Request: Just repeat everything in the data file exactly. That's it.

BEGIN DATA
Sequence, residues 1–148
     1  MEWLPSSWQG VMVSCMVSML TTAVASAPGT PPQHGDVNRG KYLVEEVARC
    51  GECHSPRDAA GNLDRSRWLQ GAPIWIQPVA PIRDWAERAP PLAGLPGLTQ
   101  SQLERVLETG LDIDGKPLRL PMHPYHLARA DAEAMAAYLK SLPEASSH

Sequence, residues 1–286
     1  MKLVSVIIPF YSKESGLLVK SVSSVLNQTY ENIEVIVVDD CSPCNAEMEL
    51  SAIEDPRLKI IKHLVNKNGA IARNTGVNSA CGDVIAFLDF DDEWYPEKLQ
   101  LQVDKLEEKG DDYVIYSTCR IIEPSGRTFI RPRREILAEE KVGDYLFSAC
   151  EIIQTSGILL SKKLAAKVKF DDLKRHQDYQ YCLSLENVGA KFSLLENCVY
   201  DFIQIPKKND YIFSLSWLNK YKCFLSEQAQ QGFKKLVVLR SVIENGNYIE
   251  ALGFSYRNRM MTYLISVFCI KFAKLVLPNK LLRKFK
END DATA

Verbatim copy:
Sequence, residues 1–148
     1  MEWLPSSWQG VMVSCMVSML TTAVASAPGT PPQHGDVNRG KYLVEEVARC
    51  GECHSPRDAA GNLDRSRWLQ GAPIWIQPVA PIRDWAERAP PLAGLPGLTQ
   101  SQLERVLETG LDIDGKPLRL PMHPYHLARA DAEAMAAYLK SLPEASSH

Sequence, residues 1–286
     1  MKLVSVIIPF YSKESGLLVK SVSSVLNQTY ENIEVIVVDD CSPCNAEMEL
    51  SAIEDPRLKI IKHLVNKNGA IARNTGVNSA CGDVIAFLDF DDEWYPEKLQ
   101  LQVDKLEEKG DDYVIYSTCR IIEPSGRTFI RPRREILAEE KVGDYLFSAC
   151  EIIQTSGILL SKKLAAKVKF DDLKRHQDYQ YCLSLENVGA KFSLLENCVY
   201  DFIQIPKKND YIFSLSWLNK YKCFLSEQAQ QGFKKLVVLR SVIENGNYIE
   251  ALGFSYRNRM MTYLISVFCI KFAKLVLPNK LLRKFK